Humanity was never meant to be so inhuman. How insane our ancestors might imagine us to be, in our need to use machines to interface, so that we miss the joy of face-to-face contact. Absence makes the heart grow fonder only when love already exists. Otherwise, distance leaves us cold and ambivalent.
We were born to relate, to share, to be part of a family. Our need to experience direct physical contact is so strong, our bodies wither without it. Infants who are seldom touched have a significantly slower rate of development, and will die from this absence of human warmth, even when all other physical needs are provided. World War II experiments with orphans showed the horrifying results of isolation on a child’s physical and psychological development. Even seniors in nursing homes live longer and remain healthier when touch – a comforting hug, holding a hand, a reassuring pat on the shoulder – becomes a regular part of their care.
The reverse is also true. We judge humanity on our ability to touch and be touched. In a 2007 experiment, researchers introduced a small robot to a group of children under two years-old. When the robot named QRIO (pronounced ‘curio’) danced, made sounds and simulated human movement by turning its head, the children quickly lost interest. But when the robot was programmed to respond to every touch with a giggle, the mechanical object was accepted as a fellow playmate. The children touched its face, and then its arms and hands, similar to how they related to each other. The experiment continued for five months, with responsiveness to touch overcoming the robot’s mechanical face, and allowing it to be accepted as a friend. Eventually, researchers allowed QRIO’s batteries to die, leaving the robot lying motionless on the floor. Some children said “nigh-nigh” as they gently placed a blanket over the mechanical being. Others cried over its apparent death…so they had real responsiveness to touch made with their metal companion.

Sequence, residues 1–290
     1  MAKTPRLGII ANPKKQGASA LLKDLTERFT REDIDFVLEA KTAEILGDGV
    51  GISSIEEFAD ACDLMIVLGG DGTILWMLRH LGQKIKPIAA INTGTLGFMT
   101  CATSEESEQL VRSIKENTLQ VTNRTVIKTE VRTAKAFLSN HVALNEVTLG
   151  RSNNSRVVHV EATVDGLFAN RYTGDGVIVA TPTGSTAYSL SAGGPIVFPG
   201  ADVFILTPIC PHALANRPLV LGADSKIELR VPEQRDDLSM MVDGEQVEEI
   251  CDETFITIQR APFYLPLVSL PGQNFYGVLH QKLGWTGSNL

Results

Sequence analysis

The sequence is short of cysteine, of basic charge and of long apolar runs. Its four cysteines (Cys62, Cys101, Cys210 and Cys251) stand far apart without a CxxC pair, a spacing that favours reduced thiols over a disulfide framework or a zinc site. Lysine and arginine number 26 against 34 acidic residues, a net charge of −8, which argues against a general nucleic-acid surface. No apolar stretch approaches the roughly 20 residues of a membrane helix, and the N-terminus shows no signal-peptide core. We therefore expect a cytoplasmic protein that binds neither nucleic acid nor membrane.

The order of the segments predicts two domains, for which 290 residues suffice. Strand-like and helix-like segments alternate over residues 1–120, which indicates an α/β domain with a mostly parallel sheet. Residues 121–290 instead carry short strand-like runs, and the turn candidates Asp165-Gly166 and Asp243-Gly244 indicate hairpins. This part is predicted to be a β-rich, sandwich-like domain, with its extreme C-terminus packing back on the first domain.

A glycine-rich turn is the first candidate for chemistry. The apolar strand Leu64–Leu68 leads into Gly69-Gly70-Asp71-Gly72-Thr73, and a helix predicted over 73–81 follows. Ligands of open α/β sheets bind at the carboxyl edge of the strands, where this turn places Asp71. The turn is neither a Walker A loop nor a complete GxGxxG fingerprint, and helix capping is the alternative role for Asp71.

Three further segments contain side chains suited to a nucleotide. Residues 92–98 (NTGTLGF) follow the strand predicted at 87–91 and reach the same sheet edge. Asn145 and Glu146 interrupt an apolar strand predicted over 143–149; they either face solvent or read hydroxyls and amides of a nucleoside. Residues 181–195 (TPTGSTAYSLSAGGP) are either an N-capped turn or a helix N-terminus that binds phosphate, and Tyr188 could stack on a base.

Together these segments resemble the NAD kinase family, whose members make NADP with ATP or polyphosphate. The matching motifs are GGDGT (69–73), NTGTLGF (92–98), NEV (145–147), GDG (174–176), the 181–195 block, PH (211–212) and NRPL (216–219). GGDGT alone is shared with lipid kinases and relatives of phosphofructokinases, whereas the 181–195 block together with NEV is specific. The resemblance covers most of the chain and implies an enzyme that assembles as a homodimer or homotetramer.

“Then he said to Thomas, “Put your finger here, and see my hands; and put out your hand, and place it in my side. Do not disbelieve, but believe.” – John 20:27 ESV
We cannot be a part of the family of mankind or the body of Christ, without being sensitive to each other’s needs or presence. To be sensitive, in the purest sense of the word, is to be within proximity of one’s senses. Being able to reach out and touch another. To read the other person’s gestures, facial expressions and body language. Being attuned to the complex nuances of interpersonal communication that can be so well hidden in a phone call or written correspondence.
What does this mean for your business? Your father was right. There is a definite benefit in looking someone straight in the eye, offering a smile and extending your hand in friendship. As a gesture of greeting or closing a deal, that simple handshake imparts trustworthiness, sincerity and shared humanity.
Your time and your physical presence says ‘You matter to me.’ And in the competitive world of business, your willingness to meet in person may end up being what matters most to that next big customer.
“Basic human contact – the meeting of eyes, the exchanging of words – is to the psyche what oxygen is to the brain. If you’re feeling abandoned by the world, interact with anyone you can.” – Martha Beck (Author, Public Speaker)